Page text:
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"Clifton Crais and Thomas V. McClendon have put together a fascinating and informative book. From the earliest voices of colonial times through the struggle against apartheid and current efforts to find a genuinely democratic, nonracial, diverse identity, the voices are here: the colonizers and the despoilers, the powerful and the powerless, the dissenters and the resisters, the determined and the courageous, the destroyers of hope and the dreamers of dreams. South Africans cannot but recognize themselves. This is a book to study, reference, and return to again and again."—Allan Aubrey Boesak, South African liberation theologian and anti-apartheid activist
"This incredibly thorough volume reveals the complex history of South Africa. Through compelling first-person narratives, fiction, and other historical accounts, The South Africa Reader offers a picture of a complicated and often confounding country that is a study in 'trauma and resilience.' It grapples with the legacy of the past in ways that can help present and future generations build a more promising tomorrow."—Charlayne Hunter-Gault, award-winning journalist, former CNN Johannesburg Bureau Chief, and author of New News Out of Africa: Uncovering Africa’s Renaissance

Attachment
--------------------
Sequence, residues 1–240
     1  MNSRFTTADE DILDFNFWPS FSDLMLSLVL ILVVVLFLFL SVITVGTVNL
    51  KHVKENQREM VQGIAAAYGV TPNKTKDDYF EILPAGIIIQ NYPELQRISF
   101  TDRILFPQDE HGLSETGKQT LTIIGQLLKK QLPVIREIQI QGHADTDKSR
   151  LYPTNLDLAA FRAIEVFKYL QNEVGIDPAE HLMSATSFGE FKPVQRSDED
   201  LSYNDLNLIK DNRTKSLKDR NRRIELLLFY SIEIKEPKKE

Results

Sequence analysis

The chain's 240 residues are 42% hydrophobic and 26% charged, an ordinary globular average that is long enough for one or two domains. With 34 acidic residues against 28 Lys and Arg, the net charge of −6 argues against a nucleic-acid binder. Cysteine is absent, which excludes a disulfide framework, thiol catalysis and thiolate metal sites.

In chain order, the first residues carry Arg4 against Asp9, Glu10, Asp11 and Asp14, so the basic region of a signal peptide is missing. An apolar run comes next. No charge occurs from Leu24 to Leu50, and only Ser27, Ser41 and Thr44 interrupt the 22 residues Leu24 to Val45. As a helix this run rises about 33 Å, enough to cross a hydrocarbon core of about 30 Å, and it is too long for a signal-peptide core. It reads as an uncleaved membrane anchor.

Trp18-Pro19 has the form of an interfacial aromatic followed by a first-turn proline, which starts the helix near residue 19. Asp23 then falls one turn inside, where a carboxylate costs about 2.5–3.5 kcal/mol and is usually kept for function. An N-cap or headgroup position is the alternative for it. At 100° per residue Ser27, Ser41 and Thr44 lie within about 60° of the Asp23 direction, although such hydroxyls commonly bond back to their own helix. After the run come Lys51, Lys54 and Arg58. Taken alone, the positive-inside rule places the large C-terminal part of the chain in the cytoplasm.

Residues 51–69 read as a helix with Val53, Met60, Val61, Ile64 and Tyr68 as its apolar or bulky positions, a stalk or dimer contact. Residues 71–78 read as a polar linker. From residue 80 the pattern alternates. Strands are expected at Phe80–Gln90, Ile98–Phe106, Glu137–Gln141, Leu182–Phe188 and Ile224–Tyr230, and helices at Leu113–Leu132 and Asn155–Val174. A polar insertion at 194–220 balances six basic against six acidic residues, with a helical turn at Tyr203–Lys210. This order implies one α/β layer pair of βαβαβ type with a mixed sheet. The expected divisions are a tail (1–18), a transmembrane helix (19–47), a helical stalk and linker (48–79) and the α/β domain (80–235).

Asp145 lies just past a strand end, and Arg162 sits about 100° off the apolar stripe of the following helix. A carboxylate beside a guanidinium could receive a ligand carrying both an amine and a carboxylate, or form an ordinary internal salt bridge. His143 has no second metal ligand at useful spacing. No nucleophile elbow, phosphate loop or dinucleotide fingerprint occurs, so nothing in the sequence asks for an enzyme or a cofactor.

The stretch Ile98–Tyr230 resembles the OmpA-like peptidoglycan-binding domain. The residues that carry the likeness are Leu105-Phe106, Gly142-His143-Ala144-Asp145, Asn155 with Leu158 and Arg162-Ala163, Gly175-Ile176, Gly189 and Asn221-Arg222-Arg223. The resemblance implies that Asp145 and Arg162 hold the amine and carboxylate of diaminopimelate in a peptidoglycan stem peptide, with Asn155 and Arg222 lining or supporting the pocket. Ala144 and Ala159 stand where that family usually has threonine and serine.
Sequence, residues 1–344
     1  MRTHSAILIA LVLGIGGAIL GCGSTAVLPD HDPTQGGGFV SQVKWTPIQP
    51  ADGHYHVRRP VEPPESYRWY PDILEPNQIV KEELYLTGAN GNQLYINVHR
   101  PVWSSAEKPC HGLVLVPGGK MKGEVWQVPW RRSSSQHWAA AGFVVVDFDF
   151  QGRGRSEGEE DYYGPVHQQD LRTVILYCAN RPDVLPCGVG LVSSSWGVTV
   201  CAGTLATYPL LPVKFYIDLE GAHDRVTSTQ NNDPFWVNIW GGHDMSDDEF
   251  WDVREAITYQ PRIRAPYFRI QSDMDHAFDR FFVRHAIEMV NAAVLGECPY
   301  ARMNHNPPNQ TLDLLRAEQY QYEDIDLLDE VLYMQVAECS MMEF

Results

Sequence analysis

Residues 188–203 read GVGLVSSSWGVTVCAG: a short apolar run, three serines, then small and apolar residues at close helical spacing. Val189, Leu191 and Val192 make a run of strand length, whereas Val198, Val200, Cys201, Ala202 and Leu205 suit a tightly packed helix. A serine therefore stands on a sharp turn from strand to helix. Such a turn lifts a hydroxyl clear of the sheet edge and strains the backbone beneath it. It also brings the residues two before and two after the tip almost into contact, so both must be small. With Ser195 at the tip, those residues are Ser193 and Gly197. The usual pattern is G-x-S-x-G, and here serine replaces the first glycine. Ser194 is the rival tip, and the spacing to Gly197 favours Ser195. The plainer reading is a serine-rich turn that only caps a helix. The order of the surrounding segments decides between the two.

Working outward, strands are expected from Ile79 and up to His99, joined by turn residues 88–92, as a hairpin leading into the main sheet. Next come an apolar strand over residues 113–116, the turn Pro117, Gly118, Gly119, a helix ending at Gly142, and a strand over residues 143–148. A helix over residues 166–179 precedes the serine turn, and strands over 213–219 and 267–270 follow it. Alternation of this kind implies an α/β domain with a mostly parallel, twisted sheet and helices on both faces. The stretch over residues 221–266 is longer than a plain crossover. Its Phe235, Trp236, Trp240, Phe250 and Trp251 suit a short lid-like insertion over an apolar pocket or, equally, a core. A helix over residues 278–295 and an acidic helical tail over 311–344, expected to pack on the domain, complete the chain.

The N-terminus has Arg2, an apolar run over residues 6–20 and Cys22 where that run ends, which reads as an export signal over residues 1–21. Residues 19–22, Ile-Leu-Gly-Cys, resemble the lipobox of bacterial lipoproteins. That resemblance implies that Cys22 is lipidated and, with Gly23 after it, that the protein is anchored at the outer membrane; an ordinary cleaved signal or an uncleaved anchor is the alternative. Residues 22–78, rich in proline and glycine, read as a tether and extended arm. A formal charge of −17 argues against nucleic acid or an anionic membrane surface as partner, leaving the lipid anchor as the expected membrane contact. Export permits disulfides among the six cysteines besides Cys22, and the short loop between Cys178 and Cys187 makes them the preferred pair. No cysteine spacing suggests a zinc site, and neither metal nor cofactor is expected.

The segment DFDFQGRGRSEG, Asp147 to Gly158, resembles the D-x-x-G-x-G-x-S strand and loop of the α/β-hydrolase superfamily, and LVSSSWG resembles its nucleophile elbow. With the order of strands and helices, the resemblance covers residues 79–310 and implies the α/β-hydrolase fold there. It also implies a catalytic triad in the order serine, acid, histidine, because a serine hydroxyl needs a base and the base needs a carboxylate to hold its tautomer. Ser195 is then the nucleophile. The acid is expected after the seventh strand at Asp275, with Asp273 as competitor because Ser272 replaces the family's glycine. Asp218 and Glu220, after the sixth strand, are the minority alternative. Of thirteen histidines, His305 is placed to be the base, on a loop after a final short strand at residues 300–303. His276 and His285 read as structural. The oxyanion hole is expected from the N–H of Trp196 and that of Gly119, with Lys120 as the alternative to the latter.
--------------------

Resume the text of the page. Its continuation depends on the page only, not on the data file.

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The South Africa Reader is an extraordinarily rich guide to the history, culture, and politics of South Africa. With more than eighty absorbing selections, the Reader provides many perspectives on the country's diverse peoples, its first two decades as a democracy, and the forces that have shaped its history and continue to pose challenges to its future, particularly violence, inequality, and racial discrimination. Among the selections are folktales passed down through the centuries, statements by seventeenth-century Dutch colonists, the songs of mine workers, a widow's testimony before the Truth and Reconciliation Commission, and a photo essay featuring the acclaimed work of Santu Mofokeng. Cartoons, songs, and fiction are juxtaposed with iconic documents, such as "The Freedom Charter" adopted in 1955 by the African National Congress and its allies and Nelson Mandela's "Statement from the Dock" in 1964. Cacophonous voices—those of slaves and indentured workers, African chiefs and kings, presidents and revolutionaries—invite readers into ongoing debates about South Africa's past and present and what exactly it means to be South African.